Tuesday, February 2, 2016

Medications should be taken on an EMPTY or Full stomach


Drug food Interactions 

 
Medications which should be taken on an
EMPTY stomach
Alendronate
(Fosamax)
AmpicillinAstemizoleBethanechol
BisacodylCaptopril
(Take 1 hour before meals)
Cefibuten
(Cedax)
Cilostazol
(Pletal)
DemeclocyclineDicloxacillinDidanosine
(Videx)
Etidronate
(Didronel)
Felodipine
(Plendil)
Indinavir
(Crixivan)
Lansoprazole
(take before eating)
Levothyroxine
loratadine
(Claritin)
loracarbef
(Lorabid)
MethotrexateMoexipril
(Univasc)
Mycophenolate
(Cellcept)
Omeprazole
Take before eating
OxacillinPenicillamine
Perindopril
(Aceon)
Repaglinide
(Prandin)
RifampinRifabutin
(Mycobutin)
Riluzole
(Rilutek)
Roxithromycin (take at least 15 minutes before or after a meal)Sucralfate
(Carafate)
Sulfamethoxazole - trimethoprim (Bactrim)
SulfadiazineTetracycline
(Do not take with milk or other dairy products)
Tolcapone
(Tasmar)
Zafirlukast (Accolate)
Zalcitabine
(Hivid)
   
 
Medications which should be
Taken with FOOD
Allopurinol
(take after meal)
Atovaquone
(Mepron)
AugmentinAspirin
Amiodarone
(Cordarone)
Baclofen
(Lioresal)
Bromocriptine
(Parlodel)
clofazimine
(Lamprene)
Carvedilol
(Coreg)
Carbamazepine
(Tegretol)
ChloroquineCimetidine
(Tagamet)
Cefpodoxime
(Vantin)
Diclofenac
(Voltaren_
Divalproex sodium
(Depakote)
Doxycycline
Felbamate
(Felbatol)
fenofibrate
(TriCor)
FiorinalFludrocortisone
fenoprofenGriseofulvinglyburide (take with breakfast)Hydrocortisone
Hydroxychloroquine
(Plaquenil)
IndomethacinIron preparations (Take between meals--if GI upset occurs take with food)Itraconazole capsules
KetorolacLithiumMetronidazoleMisoprostol
(Cytotec)
methanaminemebendazolemethylprednisolonenaltrexone
NaproxenNelfinavir
(Viracept)
NitrofurantoinNiacin
OlsalazinePerphenazinePentoxifyllinePergolide
PiroxicamPotassium saltsPrednisoneProcainamide
Ritonavir
(Norvir)
SalsalateSaquinavirSevelamer
(Renagel)
SpironolactoneSulfasalazineSulfinpyrazoneSulindac
TiclopidineTolmetinTrazodoneTroglitazone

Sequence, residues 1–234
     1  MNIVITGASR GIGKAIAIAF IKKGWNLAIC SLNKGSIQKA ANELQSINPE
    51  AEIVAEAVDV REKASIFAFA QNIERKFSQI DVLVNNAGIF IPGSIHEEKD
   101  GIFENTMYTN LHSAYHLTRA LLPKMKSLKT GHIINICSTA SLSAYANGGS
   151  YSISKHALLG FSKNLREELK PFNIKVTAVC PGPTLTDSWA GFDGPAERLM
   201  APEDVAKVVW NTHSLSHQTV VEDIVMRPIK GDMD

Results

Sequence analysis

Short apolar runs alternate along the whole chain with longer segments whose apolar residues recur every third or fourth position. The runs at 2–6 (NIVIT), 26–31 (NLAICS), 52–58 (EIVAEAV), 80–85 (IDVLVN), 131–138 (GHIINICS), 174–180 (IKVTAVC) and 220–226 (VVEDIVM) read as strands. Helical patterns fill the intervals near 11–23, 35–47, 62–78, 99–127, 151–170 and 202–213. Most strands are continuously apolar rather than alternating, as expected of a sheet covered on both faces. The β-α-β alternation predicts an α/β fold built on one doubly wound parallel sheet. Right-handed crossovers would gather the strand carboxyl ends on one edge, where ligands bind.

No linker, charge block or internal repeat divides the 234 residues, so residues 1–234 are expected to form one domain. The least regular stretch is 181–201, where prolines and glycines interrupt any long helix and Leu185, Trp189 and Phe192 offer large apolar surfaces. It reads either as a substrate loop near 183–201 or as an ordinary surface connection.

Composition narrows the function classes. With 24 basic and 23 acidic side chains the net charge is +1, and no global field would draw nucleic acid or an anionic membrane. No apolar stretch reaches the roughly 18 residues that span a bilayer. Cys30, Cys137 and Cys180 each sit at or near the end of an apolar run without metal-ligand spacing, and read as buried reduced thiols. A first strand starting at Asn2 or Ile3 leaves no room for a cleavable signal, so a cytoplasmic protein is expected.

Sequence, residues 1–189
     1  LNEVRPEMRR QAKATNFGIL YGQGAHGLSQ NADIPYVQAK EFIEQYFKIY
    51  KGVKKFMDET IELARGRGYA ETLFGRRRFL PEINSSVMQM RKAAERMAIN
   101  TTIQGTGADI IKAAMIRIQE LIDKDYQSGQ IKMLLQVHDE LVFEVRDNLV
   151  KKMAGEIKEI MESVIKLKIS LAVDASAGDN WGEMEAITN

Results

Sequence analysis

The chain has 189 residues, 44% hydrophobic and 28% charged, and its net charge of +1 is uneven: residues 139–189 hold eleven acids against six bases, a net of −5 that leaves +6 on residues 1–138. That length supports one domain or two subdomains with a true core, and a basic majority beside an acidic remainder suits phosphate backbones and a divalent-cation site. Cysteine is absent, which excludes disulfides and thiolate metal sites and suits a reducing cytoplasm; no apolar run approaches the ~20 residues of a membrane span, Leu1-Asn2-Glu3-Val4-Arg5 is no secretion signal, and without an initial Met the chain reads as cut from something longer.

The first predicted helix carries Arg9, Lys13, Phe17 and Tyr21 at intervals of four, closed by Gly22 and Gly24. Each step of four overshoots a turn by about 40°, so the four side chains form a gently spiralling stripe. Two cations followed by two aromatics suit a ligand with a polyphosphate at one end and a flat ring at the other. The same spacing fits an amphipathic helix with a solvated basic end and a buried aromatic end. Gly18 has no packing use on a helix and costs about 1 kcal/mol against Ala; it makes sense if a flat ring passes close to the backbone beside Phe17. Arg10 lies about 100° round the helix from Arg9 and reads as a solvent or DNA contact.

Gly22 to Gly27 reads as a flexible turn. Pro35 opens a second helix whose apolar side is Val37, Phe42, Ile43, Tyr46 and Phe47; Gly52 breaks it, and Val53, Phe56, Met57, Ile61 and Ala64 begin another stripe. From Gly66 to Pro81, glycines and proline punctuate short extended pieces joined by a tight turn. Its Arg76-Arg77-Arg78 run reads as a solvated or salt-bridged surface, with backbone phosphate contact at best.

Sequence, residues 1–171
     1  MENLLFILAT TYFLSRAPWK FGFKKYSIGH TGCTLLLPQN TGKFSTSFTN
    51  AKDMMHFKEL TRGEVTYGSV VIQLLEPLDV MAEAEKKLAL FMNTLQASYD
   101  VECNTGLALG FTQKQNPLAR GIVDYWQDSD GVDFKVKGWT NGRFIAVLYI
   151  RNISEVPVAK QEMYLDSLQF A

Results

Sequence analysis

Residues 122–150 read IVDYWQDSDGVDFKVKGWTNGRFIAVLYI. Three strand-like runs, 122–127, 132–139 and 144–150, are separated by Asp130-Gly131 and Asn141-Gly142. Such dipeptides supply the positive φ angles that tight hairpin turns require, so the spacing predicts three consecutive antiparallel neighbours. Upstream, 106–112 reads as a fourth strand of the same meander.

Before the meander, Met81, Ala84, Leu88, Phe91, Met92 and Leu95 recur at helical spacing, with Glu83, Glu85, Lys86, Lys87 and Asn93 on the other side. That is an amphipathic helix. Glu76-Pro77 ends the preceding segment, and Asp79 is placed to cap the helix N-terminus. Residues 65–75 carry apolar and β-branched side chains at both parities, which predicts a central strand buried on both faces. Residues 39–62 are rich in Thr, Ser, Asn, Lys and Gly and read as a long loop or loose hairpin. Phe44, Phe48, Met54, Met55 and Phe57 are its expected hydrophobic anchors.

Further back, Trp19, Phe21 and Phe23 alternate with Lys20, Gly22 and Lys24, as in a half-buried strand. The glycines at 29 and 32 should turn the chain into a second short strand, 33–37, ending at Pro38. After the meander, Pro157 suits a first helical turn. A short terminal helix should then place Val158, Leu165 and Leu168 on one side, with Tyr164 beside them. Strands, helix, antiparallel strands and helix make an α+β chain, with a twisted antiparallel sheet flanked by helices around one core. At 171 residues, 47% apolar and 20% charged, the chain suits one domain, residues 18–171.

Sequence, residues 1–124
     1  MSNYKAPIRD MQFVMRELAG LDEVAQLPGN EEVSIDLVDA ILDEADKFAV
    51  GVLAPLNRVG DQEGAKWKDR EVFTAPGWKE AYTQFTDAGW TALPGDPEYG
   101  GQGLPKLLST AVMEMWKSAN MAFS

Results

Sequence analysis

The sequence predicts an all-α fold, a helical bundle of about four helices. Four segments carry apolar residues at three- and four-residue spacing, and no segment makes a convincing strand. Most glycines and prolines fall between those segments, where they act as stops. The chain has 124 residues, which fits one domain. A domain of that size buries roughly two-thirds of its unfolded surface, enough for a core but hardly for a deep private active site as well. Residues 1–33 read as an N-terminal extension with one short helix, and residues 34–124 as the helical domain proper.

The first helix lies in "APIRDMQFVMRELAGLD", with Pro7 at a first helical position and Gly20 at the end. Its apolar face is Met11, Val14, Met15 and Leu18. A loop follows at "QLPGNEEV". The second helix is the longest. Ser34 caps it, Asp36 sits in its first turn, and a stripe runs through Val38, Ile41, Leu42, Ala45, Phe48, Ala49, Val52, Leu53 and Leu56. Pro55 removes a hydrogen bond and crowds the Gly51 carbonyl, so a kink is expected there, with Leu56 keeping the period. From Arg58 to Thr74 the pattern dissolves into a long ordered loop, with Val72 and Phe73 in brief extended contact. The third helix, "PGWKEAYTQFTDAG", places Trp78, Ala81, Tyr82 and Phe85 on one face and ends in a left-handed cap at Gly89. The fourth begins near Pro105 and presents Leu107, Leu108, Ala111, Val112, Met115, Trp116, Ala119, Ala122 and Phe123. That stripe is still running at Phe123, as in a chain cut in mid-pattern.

Valproic acid   
 
Drug - grapefruit interactions:
Drugs which may exhibit increased serum concentrations based on this interaction
amiodaroneastemizolealprazolamatorvastatin
benzodiazepines buspironecarbamazepinecarvedilol
cerivastatincilostazol clarithromycinClomipramine 
codeinecyclosporine dapsonedextromethorphan
diazepamdiltiazemestrogenserythromycin
felodipinefentanylfinasteridehaloperidol
indinavirlercanidipinelidocainelovastatin
midazolammethadonenelfinavirnifedipine
nicardipinenimodipinenisoldipinenitrendipine
ondansetronpaclitaxelprogestinsprogesterone
quinidineritonavirsalmeterolsaquinavir
simvastatintacrolimustrazodonetriazolam
vincristinezaleplonzolpidem 
Note: there may be omissions on this list. Absence of a drug
does not necessarily indicate that the drug lacks this potential
interaction. 
 
Warfarin - food Interactions 

Management of Dietary Interactions and Vitamin K: dietary consistency is the key to maintaining a sustained, stable response during warfarin therapy. Patients should be aware of vitamin K content in common foods, particularly foods high in vitamin K (green leafy vegetables (broccoli, Brussel sprouts, turnip greens, kale, spinach, beet greens), Cauliflower , legumes, mayonnaise, canola and soybean oils), and should maintain a consistent amount of these foods in their diet.
The following foods should be avoided or limited, since they also can effect warfarin therapy:  caffeinated beverages (cola, coffee, tea, hot chocolate, chocolate milk).
Alcohol intake greater than 3 drinks daily can increase the effect of Coumadin. As long as alcohol intake does not exceed 3 drinks daily, clotting times should not be affected. This amount of alcohol is present in 12 ounces of table wine or three 12  ounce beers. (Acute binges can raise INR. Chronic alcohol ingestion may decrease INR. )
Herbal supplements can affect bleeding time.  Coenzyme Q10 is an herbal supplement whose chemical structure is similar to vitamin K, so it has the potential to affect bleeding time.  Herbal teas: green tea, buckeye, horsechestnut, tonka, bean, meliot, and woodruff.  Other examples include: feverfew, garlic, and ginseng.  Herbal medications should either be avoided or used consistently while on warfarin therapy.

Saturday, March 7, 2015

PHARMACY MANAGEMENT

PHARMACY MANAGEMENT PDF FREE DOWNLOAD